In those cases, it's more often than not an indicator that the information should be placed in a comment, which is exactly what was done.

Also, it should be noted that your current edit is truly questionable, in the sense that it's nothing more than a copy-and-paste of the manual. We prefer to have users put some effort into providing an answer and discourage copy-paste answers.

7
  • 4
    I'm speaking purely out of my own belief here, but I think that one reason (beyond link rot) answers/questions like this are of little value to the site is because they don't really add any search engine value to the site. Jan 26, 2012 at 18:25
  • 2
    @AndrewBarber Possibly? I'm too busy handling flags and answering all of Meta's wonderfully specific questions about my moderation activities to try and find any specific correlation between the two, although I'm sure one could try. =)
    – casperOne
    Jan 26, 2012 at 18:35
  • 1
    @AndrewBarber I really don't know enough to say, but all the questions I've personally come across pointing back into the site were re: the Q proper, I rarely get something because of what the answer has. Consider: Often an answer will introduce new terminology. But you search by the old terminology that you know, and not the new terminology that you learn. tl;dr: I think the question is the googlejuice, not the answer, per-se
    – jcolebrand
    Jan 26, 2012 at 18:37
  • 12
    @AndrewBarber Well, even if they did add SEO value, we want people that find SO through searching to find well written comprehensive answers that stand on their own. That's really part of our brand. If you see a link to Stack Overflow in your search results, it should be game friggin over (if you searched correctly) :)
    – user50049
    Jan 26, 2012 at 18:39
  • 2
    RE your edit about the OP's edit: I ughed when I saw the OP's response to me saying that it had been edited, then went and checked it out. Learning experience... Jan 26, 2012 at 18:58
  • @AndrewBarber Yeah, I puked a little in my mouth too.
    – casperOne
    Jan 26, 2012 at 20:40
  • @casperOne i agree with you.i apologize for my mistake. Jan 27, 2012 at 5:50
12

You should read this question.

4
  • 7
    and if this hasn't been flagged as "Not an Answer", irony is truly dead ;) Jan 26, 2012 at 19:12
  • 1
    @AndrewBarber: It has been, but the people who flagged it as such also voted it up.
    – user1228
    Jan 26, 2012 at 20:33
  • Fantastic link, I already love that table. +1 (and faved the question).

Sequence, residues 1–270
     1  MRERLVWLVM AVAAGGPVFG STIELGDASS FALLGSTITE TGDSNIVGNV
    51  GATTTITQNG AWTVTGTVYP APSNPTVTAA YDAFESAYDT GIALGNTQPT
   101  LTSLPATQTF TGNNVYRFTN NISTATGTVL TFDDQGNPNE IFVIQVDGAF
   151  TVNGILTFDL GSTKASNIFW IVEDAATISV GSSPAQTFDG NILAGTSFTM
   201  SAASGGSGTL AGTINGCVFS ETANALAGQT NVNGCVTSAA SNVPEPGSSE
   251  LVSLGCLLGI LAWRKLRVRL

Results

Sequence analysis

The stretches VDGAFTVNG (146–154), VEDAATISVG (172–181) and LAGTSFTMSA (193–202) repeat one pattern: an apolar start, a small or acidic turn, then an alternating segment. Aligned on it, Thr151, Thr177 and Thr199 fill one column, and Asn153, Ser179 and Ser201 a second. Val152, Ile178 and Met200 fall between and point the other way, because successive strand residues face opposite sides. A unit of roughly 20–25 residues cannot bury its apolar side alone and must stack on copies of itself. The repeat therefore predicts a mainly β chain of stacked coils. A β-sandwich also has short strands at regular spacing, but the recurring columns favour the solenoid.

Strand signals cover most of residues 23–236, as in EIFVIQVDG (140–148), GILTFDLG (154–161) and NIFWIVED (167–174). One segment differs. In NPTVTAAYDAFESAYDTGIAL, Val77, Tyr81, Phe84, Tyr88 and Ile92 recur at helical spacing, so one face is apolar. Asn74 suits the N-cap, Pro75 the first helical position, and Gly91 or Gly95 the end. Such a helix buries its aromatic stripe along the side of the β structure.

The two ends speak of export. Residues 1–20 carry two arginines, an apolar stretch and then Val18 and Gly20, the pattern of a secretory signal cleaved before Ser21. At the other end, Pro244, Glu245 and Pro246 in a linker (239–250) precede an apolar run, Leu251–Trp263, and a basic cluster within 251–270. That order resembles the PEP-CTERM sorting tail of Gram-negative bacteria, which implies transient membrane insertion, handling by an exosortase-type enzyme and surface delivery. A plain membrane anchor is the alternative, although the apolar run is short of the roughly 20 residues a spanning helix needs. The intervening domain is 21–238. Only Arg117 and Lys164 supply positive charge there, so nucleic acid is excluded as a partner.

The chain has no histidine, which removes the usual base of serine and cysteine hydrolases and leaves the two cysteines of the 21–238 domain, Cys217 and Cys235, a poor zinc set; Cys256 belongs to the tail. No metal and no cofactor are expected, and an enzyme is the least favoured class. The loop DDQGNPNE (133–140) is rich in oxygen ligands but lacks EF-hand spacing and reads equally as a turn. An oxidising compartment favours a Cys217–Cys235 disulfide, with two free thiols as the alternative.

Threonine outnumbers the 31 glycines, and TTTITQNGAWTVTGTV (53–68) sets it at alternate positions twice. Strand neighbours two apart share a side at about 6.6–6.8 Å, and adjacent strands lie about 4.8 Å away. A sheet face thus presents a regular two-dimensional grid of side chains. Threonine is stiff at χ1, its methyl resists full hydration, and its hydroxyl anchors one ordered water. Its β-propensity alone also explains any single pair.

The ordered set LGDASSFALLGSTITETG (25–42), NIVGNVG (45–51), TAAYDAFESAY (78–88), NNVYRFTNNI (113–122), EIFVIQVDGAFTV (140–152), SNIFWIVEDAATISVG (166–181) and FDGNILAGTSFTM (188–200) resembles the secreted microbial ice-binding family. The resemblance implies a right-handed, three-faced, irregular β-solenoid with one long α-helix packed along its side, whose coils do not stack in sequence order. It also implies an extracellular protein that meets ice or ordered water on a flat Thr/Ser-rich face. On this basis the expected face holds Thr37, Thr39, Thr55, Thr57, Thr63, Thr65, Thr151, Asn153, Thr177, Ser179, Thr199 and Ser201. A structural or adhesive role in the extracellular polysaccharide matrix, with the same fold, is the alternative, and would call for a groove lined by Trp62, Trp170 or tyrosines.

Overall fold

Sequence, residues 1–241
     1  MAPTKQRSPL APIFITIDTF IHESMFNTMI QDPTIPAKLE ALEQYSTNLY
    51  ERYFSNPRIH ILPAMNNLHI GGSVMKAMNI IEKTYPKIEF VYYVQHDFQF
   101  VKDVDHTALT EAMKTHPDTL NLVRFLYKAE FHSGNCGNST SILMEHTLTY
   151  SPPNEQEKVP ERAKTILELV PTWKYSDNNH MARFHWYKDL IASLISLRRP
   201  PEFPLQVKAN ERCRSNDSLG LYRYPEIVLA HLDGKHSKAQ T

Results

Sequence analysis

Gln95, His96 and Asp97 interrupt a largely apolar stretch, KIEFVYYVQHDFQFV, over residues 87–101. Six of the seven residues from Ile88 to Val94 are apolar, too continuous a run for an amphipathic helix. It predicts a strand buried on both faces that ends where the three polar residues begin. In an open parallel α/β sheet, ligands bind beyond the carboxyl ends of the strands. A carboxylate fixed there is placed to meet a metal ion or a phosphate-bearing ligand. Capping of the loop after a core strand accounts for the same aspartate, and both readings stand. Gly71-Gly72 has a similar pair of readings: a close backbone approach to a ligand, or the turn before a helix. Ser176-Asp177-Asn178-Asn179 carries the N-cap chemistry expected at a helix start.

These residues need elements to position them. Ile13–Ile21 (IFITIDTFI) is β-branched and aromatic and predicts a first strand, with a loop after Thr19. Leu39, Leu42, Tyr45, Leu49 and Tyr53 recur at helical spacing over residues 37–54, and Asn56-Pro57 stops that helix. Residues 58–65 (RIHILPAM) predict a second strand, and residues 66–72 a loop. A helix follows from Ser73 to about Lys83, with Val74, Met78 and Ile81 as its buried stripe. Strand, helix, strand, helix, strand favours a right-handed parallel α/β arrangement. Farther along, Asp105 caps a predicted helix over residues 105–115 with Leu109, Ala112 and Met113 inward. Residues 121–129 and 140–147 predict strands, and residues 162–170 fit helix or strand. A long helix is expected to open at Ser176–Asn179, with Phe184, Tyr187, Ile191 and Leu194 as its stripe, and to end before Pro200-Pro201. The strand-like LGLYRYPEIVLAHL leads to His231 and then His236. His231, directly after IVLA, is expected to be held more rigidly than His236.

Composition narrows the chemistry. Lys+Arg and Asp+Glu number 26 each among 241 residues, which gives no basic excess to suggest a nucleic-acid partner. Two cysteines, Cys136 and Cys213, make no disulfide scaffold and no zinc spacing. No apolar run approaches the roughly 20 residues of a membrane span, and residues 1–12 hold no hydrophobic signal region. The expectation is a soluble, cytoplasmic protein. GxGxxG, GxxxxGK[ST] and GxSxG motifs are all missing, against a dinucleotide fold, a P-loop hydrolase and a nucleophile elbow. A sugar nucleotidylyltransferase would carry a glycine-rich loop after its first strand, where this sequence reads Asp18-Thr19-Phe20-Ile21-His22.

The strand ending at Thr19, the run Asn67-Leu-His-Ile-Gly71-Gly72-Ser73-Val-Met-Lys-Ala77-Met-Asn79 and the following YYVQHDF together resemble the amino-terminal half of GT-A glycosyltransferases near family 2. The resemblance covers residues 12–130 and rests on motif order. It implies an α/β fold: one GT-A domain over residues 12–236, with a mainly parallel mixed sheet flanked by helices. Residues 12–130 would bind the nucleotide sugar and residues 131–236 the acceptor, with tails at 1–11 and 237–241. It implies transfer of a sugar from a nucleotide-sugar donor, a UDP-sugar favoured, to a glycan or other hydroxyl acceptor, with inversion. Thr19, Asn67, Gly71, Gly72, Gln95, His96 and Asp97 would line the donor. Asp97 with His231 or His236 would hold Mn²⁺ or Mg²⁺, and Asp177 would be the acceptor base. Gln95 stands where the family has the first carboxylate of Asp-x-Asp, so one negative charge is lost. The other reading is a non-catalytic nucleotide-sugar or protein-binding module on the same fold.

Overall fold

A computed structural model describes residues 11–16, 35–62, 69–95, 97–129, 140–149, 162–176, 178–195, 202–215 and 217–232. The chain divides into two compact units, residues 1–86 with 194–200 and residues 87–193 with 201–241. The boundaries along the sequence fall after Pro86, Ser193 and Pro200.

– Alenanno
    Jan 26, 2012 at 22:24
  • 1
    @Won't - I can simultaneously like the answer and realize it's not a complete answer. I eat cheeseburgers but wouldn't say they are good for me.
    – JNK
    Jan 27, 2012 at 20:15
10

Generally, people frown on link-only answers for the reasons others have better described here. Many of these get flagged as not being real answers, and some get deleted or converted to comments.

Your answers were better than the typical ones I see (which often just consist of something like "check this link I think it help u"), and the whole point is to link to the FMDB framework, but they could have been fleshed out a little bit. If nothing else, this would help someone in the future to find replacement links to the project, should the ones you provided go dead.

I'd suggest re-posting an answer worded something like the following:

Gus Mueller has created an Objective-C wrapper for interfacing with SQLite, called FMDB. The latest code for this can be obtained from Github. This might be a simpler way to provide your data to SQLite than via the raw C API.

Brandon Treb has written a brief tutorial on the use of FMDB, showing off the framework in action.

This gives a little more context on what FMDB is, why they might want to use it, and where they could find out more about it.

To be honest, though, I'd vote for the other answer there because Core Data really is the way to go for storing data on iOS, and can save a tremendous amount of code over raw SQLite. However, Gus just updated his FMDB to a 2.0 version, and it can be useful for certain applications.

0
4

I think we need to start being more circumspect in removing link-only answers. Sure, if the question is JavaScript: How can I use apply to call function f, passing the arguments of the current function over and you just provide a link to some blog post that shows how to do that, then you deserve the deletion that's coming.

But this question was asking for an API. The answer provided an API. I'm guessing it was a good api, since it got 3 upvotes. It was very nice of the other answerer to provide a link to another api, and also give some commentary on how to use it, but I don't think that should be a requirement.

If I ask a question looking for an api to run dynamic queries in linq, and someone gives me a link to the dynamic linq api, then golden— +1 and accept. My question is now answered. I don't expect him to also give me commentary on how to use it. It's my job to learn the tool, and if I get stuck, I'll ask a new question.

5
  • 2
    The user could also add why he/she is suggesting that certain API. If I was the mod/OP, I'd ask that: "why did you suggest me this API and not the other ones? What's better about this if compared to the other ones?"... That would improve the answer. I don't understand why the mod converted the answer in that case, but I disagree about the fact that that answer couldn't be further improved.
    – Alenanno
    Jan 26, 2012 at 17:49
  • @Alenanno - agree. The answer could have been improved, I'm just saying it shouldn't have been converted. It looks like we agree :) Jan 26, 2012 at 17:50
  • Ah ok, then yes, we agree. :P
    – Alenanno
    Jan 26, 2012 at 17:52
  • 3
    I think the answer still can be improved, or reposted (with improvements). I think there's an issue here though, and that awoodland has it nailed in his answer. Jan 26, 2012 at 17:55
  • 1
    @Andrew - no question. I'm just saying the line for deleting answers needs to be higher. I'm sure if the answer above had elaborated some more, it would have been voted more highly. Jan 26, 2012 at 18:04

You must log in to answer this question.

Not the answer you're looking for? Browse other questions tagged .